The CA/East Coast trade-off is an interesting one to contemplate, pros and cons on both sides. You are close to your family and it has been difficult to be so far away. Great choice to keep singing. I understand entirely how that feeds your soul!

    • Suzy says:

      I did come into contact with Doris, she was my sophomore tutor, so it would have been natural to ask her to be my thesis advisor. (I wrote about her on the Unforgettable Person prompt in 2019.) But I was blinded by the fact that Marty knew McCarthy personally and I thought he would get me a meeting with him. In those days, as you know, I lived and breathed Gene McCarthy.

  6. John Shutkin says:

    So glad you found the time in the midst of saving democracy this week to write this; it is a really wise and moving piece, showing your typical insight into both yourself and those around you.

    And, I must admit, I had a particular enjoyment of your letter from the fact that I have known you since your freshman year at college, and thus witnessed — from varying distances — a good many of your decisions along the way. I particularly resonated — and laughed — at your point about Nat Sci 5; I shouldn’t have taken it either.

    More seriously, I remember your love of music and singing from the start and am so glad that that continued to be an important part of your life. Such a wise choice! (Though now I have a Bee Gees earworm going and my disco shirt is in the wash.)

    • Suzy says:

      I think you are the only person on Retrospect who has known me that long, and witnessed my decisions, both good and bad. You knew the two boys who made me cry freshman year, and you probably agree that they weren’t worth it. Did we sit together in Nat Sci 5? I can’t remember, I had a lot of friends taking that course with me, although probably nobody hated it as much as I did.

      Not all Bee Gees songs are disco – this one is slow and mournful, it would be good for a slow dance, so you can wear any shirt you want.

      • John Shutkin says:

        Fully agree on your two idiot freshmen boyfriends. But I don’t recall sitting together in Nat Sci 5. Mainly, I just remember trying to memorize the Krebs Citric Acid Cycle and never knowing why I should care.

        And I agree about the Bee Gees’ songs. This was a slow one and you could dance to it. Lyrics OK, but a bit on the pathetic side. I’d give it a 6, Dick.

  7. Jeff Gerken says:

    Any of your high school classmates who didn’t see that you were drop-dead gorgeous were blind, jealous, or just plain stupid.

    I do wonder about the hair. Did you straighten it when you were younger, or do you curl it now? Both are striking, but the difference is pretty amazing.

    • Suzy says:

      Thank you, Jeff, what a nice compliment! My hair is naturally curly, and I spent years ironing it in high school, college, and even law school. For a detailed description of my hair travails, please see my story “The beauty, the splendor, the wonder of my hair” from 2016.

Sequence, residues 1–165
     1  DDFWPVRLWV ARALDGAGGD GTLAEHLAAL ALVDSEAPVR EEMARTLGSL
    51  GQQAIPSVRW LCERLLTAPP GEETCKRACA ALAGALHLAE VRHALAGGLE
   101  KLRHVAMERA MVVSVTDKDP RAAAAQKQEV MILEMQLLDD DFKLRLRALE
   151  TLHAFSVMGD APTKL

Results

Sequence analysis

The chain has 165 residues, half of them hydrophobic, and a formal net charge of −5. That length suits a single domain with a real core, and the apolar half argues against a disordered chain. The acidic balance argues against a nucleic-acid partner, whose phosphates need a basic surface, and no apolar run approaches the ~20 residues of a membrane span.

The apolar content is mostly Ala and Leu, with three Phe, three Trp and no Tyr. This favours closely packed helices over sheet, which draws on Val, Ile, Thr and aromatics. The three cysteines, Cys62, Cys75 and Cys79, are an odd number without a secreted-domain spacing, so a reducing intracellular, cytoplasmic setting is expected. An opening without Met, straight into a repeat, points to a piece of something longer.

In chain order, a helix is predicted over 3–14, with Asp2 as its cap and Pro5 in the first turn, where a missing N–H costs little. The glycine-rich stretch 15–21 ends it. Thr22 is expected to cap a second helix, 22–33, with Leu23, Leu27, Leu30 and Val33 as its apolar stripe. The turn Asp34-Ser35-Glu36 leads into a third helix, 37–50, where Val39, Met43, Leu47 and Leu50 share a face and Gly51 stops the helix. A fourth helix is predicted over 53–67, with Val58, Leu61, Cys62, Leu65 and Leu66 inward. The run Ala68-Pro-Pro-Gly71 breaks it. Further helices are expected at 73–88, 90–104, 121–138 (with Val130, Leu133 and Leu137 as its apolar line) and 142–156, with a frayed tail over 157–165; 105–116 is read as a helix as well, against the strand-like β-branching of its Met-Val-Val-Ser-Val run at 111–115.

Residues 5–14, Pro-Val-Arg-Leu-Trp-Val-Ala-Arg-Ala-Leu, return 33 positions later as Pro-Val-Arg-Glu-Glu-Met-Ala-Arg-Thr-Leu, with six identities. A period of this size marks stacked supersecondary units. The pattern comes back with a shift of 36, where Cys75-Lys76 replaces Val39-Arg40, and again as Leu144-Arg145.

8. What? They gave you Radcliffe girls freshman advisors! I would be envious except you say they had all the wrong advice anyway. I always heard Nat Sci 5 was terrific, though. All we boys had was a proctor who told us to “beware of town-gown relationships.” I’m not sure I understood what he was even referring to.

    Peretz always struck me as a self-aggrandizing bloviator; too bad your older self wasn’t around to warn you away.
    My dad waited till I was in my 50s to tell me, to my surprise, that I was the best looking of the men in the family; I think it’s sweet that your mom deigned to weigh in on that when you were young.

    • Suzy says:

      I still have PTSD from Nat Sci 5! If you want a detailed description of my awful experience, see my story “Give Me Just A Little More Time” on the Exams prompt.

      My mother was wonderfully supportive and inspirational in all ways. Whenever I faced a problem with one of my own kids, I tried to think what my mother would have done (WWMD), and that helped. But she couldn’t have told me I was the best looking, like your father did, because my middle sister actually won a beauty pageant – she was the Cherry Blossom Queen of 1964.

    • John Shutkin says:

      We definitely had freshman advisers, Dale; they were usually the same guys who were our proctors. The problem was that they weren’t very good. Mine was a really nice guy at Harvard Law, but he had gone to Yale undergraduate and had no idea what our Gen Ed distribution requirements were. I ended up wasting a year taking a physics course with a lab component — as well as Nat Sci 5 — because of his lousy advice.

  9. Suzy, I checked both Funny and Moving because indeed it was both.
    And yes, Suzi with an i and dotted with a heart would have looked pretty strange on your Georgia poll watcher badge!

    And you turned out good, girl, so does it matter if you – or any of us – followed all that great hindsight advice? (But I do hope you bought the shoes.)

    • Suzy says:

      Thanks, Dana. No, I never bought the shoes, that wasn’t one of my extravagances – and now I’m trying to think whether I lusted after anything else that was comparable.

      • Good Suzy, I’m not a clothes horse either but once did splurge on great-looking strappy shoes to match a cocktail dress I bought for a wedding – truth is they hurt from Day 1 and I couldn’t wear them after that very uncomfortable wedding!

        I think at this point in our lives we should take it metaphorically and buy whatever strikes our fancy!